May 4, 2021

Moody's: the risks of net-zero promises

Moody's
carbon
CarbonIntensiveBusinesses
Risk
Helen Adams
2 min
Risk assessment firm Moody's warns of net-zero promise threats for carbon intensive businesses

The international integrated risk assessment firm, Moody’s, has gained insight into the future risks for carbon-intensive businesses, as the rush to reach net-zero continues. 

Based in New York and with a revenue of $417m, Moody’s is integrated across 40 countries and like all businesses, has been forecasting the future and the impact of popular net-zero promises.

 

What are the risks?

Carbon-intensive businesses are expected to present increased credit risks for lenders. This will lead to ‘A reduced availability and increased cost of capital for fossil fuel projects’ in the next few years.

"We expect pressure to inexorably rise for major producers and users of hydrocarbons to adjust business strategies to implement credible transition plans," said James Leaton, the senior vice president at Moody's Investors Service. "We expect the impact will be more significant than the limited effect to date of patchwork policy implementation, gradual changes in disclosure requirements or moves by investment funds to reduce their fossil-fuel holdings. However, the full implications for this decade of such initiatives will only become clear with the detail, breadth and speed of implementation steps taken under the net-zero initiatives."

As many businesses and industries make the necessary moves towards net-zero, centuries-old practices will have to change and newer ones will take over, with all the modern advantages. 

 

What are carbon intensive businesses? 

The most obvious contenders of a carbon intensive business include those involved in:

  • Electricity and heat production 25%
  • The agriculture industry 24%
  • Transport (from cars to freighter ferries) 14%

Yet, the rising popularity of bitcoin is also leaving a significant carbon footprint. Bitcoin is a digital currency which can be brought, sold or traded. Its one modern advantage is that it is a currency without a bank, bitcoin can simply be traded between users. Bitcoins are formed through mining coins on computers via long calculations. As the number of bitcoins grows, it takes more time to mine them and thus more electricity.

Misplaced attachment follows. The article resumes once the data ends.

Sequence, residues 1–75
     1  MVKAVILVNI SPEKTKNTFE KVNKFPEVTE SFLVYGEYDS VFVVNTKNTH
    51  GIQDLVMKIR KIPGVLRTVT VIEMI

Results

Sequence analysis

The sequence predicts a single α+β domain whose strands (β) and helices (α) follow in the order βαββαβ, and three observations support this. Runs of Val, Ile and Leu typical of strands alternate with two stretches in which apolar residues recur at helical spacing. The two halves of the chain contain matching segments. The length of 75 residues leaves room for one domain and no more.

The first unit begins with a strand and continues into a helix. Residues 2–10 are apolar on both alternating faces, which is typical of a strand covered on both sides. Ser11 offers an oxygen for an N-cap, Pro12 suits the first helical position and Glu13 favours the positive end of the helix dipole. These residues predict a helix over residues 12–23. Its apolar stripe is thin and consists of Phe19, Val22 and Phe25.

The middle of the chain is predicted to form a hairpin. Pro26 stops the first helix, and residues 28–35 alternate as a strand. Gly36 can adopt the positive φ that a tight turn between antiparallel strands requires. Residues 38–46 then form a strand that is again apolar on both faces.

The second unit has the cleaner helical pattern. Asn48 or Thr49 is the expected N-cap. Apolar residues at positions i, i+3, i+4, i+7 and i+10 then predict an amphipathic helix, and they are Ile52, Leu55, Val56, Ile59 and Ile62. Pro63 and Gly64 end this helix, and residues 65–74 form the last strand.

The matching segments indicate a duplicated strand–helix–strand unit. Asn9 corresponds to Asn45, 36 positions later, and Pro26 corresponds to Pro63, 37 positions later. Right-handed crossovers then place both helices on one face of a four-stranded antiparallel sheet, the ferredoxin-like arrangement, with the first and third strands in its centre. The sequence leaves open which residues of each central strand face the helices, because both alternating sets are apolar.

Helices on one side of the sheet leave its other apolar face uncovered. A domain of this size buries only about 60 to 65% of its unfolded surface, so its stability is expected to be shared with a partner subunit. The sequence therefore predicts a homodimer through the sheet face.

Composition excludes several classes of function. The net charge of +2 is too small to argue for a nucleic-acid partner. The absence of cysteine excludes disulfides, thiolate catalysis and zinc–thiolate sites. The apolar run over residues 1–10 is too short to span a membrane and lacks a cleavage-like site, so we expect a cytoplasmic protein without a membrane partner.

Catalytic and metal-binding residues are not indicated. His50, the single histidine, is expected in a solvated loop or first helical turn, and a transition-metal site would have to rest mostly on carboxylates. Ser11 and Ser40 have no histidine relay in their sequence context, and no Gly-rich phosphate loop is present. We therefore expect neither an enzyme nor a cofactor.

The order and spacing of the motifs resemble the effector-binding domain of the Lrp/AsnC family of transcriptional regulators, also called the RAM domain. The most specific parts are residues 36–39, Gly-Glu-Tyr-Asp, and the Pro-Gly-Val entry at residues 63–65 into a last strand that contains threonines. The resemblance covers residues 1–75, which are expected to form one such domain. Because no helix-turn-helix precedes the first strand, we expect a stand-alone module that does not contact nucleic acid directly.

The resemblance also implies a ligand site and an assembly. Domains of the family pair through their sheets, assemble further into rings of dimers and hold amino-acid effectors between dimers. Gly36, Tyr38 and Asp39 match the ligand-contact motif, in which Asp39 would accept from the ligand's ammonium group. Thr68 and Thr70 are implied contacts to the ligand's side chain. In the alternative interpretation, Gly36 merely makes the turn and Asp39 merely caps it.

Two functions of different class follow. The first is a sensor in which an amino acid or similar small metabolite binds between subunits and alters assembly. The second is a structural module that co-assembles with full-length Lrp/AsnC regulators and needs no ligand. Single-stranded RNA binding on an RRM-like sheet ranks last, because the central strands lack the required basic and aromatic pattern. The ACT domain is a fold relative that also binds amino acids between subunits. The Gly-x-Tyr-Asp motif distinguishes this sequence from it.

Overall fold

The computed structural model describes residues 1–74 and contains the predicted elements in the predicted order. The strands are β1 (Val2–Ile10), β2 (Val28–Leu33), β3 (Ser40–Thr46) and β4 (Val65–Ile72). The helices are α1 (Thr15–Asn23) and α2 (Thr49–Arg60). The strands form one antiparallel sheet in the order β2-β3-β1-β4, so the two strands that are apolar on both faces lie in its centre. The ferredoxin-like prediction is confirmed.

The international cryptocurrency could have a carbon footprint as large as London, according to Alex de Vries, a Dutch economist. But currently, bitcoin uses enough energy to match the Republic of Ireland. 
 

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May 5, 2021

FedEx issues sustainability bonds and a carbon neutral goal

FedEx
CarbonNeutrality
2040
Sustainability
Helen Adams
2 min
In a sustainability push, FedEx will aim for carbon-neutral operations by 2040, following the release of

FedEx Corp, founded in 1971 and made famous from the 2000 film Cast Away, provides transportation, e-commerce and business services. Headquartered in Tennessee, USA and with an annual revenue of $79 billion the company is making the move to net-zero.

"We have a responsibility to take bold action in addressing climate challenges," said Frederick W. Smith, Chairman and CEO of FedEx Corp. 

The company has announced offerings of $1.75 billion of USD-denominated notes and €1.25 billion of euro-denominated notes. The proceeds of the debt offerings will be used with existing cash to redeem $5.8 billion of the company’s existing debt. This will eliminate near-term debt obligations taken on during the early stages of the COVID-19 pandemic. 

 

The sustainability bonds

The transaction includes:

  • Substantial Overall Debt Reduction. To be completed later this month, the debt offerings and subsequent redemptions, total the biggest series of related debt transactions in company history. The net reduction will hit $2.6 billion in FedEx debt obligations. By erasing these obligations, it will reduce the company’s total debt portfolio by 11% as well as strengthen its balance sheet.
  • Elimination of Near-Term Debt Maturities. FedEx will end all debt maturities through fiscal year 2025 and one tranche in fiscal year 2027, to provide liquidity and flexibility in the coming years, as FedEx maintains its position in the challenging macroeconomic environment.

 

2040 carbon neutrality

Furthermore, the offerings include an eight-year, €600M sustainability bond tranche in Europe. FedEx will use this to finance its efforts to achieve its target of carbon neutral operations by 2040. 

Across their worldwide operations, FedEx will reduce or eliminate their carbon impact, upgrade their transportation fleet to electric and engage with cutting edge technologies across the board.

 

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